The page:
If you want a collection of useful and useable performance measures or KPIs that lead to improvement of performance, then certain things must occur:
1. decide on what you should measure and how you will measure it;
2. identify and collect the data for those measures;
3. make the data available to those people and systems that will analyse it;
4. summarise and analyse that data to turn it into performance information;
5. communicate that information to the people who will use it to make their decisions;
6. interpret that information so implications for the business are understood; and
7. use that information in deciding what actions to take to improve performance.
These seven activities describe the process that brings business performance metrics to life. How many of these activities have you been aware of in your business? Do you know who the departments and people are that contribute to these activities? Do you have a good idea about the kinds of resources that are needed to properly perform these activities? Does everyone appreciate how much time and effort is involved in properly performing these activities?
Performance measurement frameworks (such as the Balanced Scorecard) give you a hand with some of the first activity, deciding on what you should measure. But usually these frameworks don’t help you with the practical detail of the other six activities essential to bringing performance measures to life.
Unless you already have processes, skills and resources allocated to the other six activities, these frameworks for selecting measures probably didn’t get you any further than having a document that listed, and maybe defined, your ‘Key Performance Indicators’. Hardly enough of a return on all the time and effort and money you invested with the expectation of having quality performance information to help you manage your business.
Seven essential steps of the performance measurement process all play a critical role in the value that performance measurement can bring to your business or organisation.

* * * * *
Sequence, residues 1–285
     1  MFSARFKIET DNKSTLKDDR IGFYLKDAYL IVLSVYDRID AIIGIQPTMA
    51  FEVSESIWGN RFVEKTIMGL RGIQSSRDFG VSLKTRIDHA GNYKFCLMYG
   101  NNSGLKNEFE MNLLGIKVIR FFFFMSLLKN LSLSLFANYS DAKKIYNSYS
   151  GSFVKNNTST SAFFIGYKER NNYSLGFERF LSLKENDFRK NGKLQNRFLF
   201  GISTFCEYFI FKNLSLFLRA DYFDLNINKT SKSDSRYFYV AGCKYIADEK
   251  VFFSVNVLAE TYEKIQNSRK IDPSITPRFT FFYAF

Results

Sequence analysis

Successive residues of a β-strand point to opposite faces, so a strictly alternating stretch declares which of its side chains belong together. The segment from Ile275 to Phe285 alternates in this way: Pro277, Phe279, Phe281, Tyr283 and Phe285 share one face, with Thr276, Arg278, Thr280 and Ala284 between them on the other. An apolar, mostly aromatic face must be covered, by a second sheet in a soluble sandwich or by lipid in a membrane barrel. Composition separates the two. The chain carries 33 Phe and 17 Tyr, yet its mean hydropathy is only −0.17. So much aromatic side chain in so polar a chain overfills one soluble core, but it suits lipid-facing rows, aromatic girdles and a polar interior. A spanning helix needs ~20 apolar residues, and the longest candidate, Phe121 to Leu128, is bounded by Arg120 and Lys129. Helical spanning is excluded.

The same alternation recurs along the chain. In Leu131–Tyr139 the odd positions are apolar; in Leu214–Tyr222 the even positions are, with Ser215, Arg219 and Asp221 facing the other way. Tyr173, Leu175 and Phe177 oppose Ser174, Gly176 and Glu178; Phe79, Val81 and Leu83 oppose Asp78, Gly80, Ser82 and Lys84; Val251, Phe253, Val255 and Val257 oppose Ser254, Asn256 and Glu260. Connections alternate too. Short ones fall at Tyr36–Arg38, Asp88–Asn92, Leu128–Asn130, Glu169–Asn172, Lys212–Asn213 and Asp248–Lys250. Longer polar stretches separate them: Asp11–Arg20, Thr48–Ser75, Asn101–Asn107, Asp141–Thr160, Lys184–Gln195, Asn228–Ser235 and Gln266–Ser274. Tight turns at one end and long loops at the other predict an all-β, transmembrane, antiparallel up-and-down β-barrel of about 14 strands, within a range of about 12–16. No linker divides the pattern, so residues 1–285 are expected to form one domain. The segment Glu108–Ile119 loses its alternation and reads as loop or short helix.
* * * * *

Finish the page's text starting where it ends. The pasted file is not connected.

These seven steps flow together in an ongoing cycle of measuring, monitoring and applying performance measures. PuMP® is the name for this system of seven phases of the performance measurement process, and each phase is explained below, along with the typical activities that are needed.
STEP 1 SELECT: choose & define what’s worth measuring
Choosing and defining what’s worth measuring for your organisation involves:
• deciding what specific results should be measured
• designing measures that give the best evidence of those results
• defining the measures to specify the operational details of how to bring them
STEP 2 COLLECT: gather data which has integrity
The process of collecting performance data is critical to its integrity and can be very resource intensive. It’s worth giving serious consideration to how you will go about it, so the data can be “fit for purpose”. It involves:
• defining the data requirements for a collection of performance measures you want to report
• designing, improving and implementing data collection systems to optimize data availability and integrity
STEP 3 STORE: manage the data so it’s quick and easy to access
Where and how you store your data directly determines what data you can access, when and how quickly you can access it, how easy or difficult it is to access and how much cross-functional use you can get out it. To avoid the pitfalls of assuming that data is easy to get your hands on, know that the following activities will likely be needed in bringing your measures to life: